A Nonpartisan Reputation at Stake
Friday, February 23, 2007
When the jury in I. Lewis "Scooter" Libby's perjury trial returns with its verdict, its decision also will intensify the debate over whether Special Counsel Patrick J. Fitzgerald should have brought the case in the first place.
For Fitzgerald, who has led the CIA leak investigation for more than three years, an acquittal for Vice President Cheney's former chief of staff would be a blow to a reputation as a nonpartisan prosecutor with a record of high-profile successes. Some say it would vindicate critics who think Fitzgerald went too far by charging Libby with perjury when no one was indicted for the original offense investigated, the leak of an undercover CIA officer's name.
"The stakes are enormously high," said Robert Mintz, a former federal prosecutor and now a defense lawyer. If Fitzgerald loses this case, Mintz said, "some will say he lost his way in his search for truth, just another case of a prosecutor who sets off and thinks they can't come back unless they have a prosecution, no matter how trivial."
But several lawyers monitoring the trial as spectators say Fitzgerald has presented a compelling case that the government had a duty to bring.
A federal court jury began deliberating Wednesday about whether Libby intentionally lied about his conversations with reporters and his role in disclosing the identity of CIA officer Valerie Plame in the summer of 2003.
Fitzgerald's investigation shined a spotlight on Cheney's strong interest in rebutting a war critic, the White House's case for war with Iraq, the conduct of top officials and the Washington press corps.
Fitzgerald, 46, the U.S. attorney in Chicago, was appointed special counsel in 2003, heralded as an impartial prosecutor with "a virtually unblemished reputation," Mintz said. Those were important qualities in an investigation enmeshed in partisan politics.
His previous victories include convicting Sheik Omar Abdel Rahman in the 1993 World Trade Center bombing case and compiling the first criminal indictment against Osama bin Laden. But in 2003 he was forced to drop key terrorism counts against the leader of a Muslim charity, Enaam Arnaout, who was convicted of related crimes and imprisoned.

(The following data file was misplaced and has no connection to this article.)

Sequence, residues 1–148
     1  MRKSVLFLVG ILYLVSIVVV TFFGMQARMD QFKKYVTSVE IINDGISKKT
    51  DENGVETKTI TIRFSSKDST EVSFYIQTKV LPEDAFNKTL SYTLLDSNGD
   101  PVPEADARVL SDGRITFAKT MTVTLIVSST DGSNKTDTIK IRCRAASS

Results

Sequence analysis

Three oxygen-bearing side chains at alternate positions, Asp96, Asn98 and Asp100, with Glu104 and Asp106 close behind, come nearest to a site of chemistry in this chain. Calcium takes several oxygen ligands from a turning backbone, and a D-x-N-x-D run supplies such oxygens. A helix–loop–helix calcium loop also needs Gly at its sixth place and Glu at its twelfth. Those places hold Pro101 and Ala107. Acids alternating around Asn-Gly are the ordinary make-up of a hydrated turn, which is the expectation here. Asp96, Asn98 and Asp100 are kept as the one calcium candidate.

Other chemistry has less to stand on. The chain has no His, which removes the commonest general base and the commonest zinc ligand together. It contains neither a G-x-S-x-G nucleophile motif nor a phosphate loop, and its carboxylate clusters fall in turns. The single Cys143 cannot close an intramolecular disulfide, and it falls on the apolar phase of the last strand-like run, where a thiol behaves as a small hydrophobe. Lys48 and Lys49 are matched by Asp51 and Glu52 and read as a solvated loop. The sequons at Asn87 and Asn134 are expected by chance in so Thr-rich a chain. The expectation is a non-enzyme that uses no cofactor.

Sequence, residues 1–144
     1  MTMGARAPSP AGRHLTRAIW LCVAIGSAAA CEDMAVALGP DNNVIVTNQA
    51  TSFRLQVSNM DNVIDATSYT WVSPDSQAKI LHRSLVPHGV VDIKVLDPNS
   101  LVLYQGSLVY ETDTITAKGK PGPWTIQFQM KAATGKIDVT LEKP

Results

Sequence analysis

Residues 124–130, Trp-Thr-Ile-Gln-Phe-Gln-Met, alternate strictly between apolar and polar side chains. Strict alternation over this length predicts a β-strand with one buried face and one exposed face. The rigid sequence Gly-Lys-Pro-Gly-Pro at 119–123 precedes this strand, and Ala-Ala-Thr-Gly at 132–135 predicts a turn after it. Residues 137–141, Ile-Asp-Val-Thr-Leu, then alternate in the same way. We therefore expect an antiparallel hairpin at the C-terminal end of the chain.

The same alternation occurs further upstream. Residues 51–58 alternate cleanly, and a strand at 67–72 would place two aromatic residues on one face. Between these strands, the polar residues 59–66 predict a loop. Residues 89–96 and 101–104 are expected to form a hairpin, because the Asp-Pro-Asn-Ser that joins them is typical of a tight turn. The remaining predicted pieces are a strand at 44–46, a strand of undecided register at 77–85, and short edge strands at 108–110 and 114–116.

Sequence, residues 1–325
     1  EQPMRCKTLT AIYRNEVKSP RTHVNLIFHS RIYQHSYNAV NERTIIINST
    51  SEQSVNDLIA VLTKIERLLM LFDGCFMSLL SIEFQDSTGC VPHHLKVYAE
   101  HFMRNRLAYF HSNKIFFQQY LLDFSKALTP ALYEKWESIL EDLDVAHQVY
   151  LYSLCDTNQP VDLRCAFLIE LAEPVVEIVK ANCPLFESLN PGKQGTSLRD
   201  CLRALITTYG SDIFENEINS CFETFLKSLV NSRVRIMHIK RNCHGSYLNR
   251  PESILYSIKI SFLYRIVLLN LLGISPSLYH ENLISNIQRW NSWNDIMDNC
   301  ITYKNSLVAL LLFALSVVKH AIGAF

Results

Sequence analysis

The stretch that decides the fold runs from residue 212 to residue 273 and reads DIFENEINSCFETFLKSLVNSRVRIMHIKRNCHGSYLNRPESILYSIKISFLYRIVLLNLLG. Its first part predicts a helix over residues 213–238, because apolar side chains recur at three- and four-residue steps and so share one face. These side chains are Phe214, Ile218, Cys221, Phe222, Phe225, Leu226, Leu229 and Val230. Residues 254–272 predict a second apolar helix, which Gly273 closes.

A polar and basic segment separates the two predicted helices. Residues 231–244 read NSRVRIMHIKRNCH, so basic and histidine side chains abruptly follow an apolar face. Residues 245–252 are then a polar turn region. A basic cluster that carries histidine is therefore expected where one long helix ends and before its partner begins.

Fitzgerald's motives and credentials were challenged when his investigation homed in on top Bush administration officials, including senior White House adviser Karl Rove, as well as the Washington press corps. In a showdown with the New York Times, Fitzgerald went to the Supreme Court to force reporters to divulge their confidential conversations with government sources.
In October 2005, nearly two years after the investigation began, Fitzgerald charged Libby, 56, with making false statements, perjury and obstruction of justice -- but did not accuse anyone of intentionally blowing Plame's cover. He said Libby's lies made it impossible to know whether he had intended to commit that crime.
Fitzgerald alleged that Libby lied about sharing information about Plame with reporters and had been part of a campaign to discredit Plame's husband, former ambassador Joseph C. Wilson IV. The CIA sent Wilson to Niger in 2002 to investigate allegations that Iraq was attempting to obtain nuclear material there. Wilson found the reports groundless and in 2003 publicly accused President Bush of twisting his report's conclusions to help justify the war.
Former senator Fred Thompson said that win or lose, Fitzgerald will be judged as a prosecutor run amok who chased petty political crimes "to the ends of the Earth."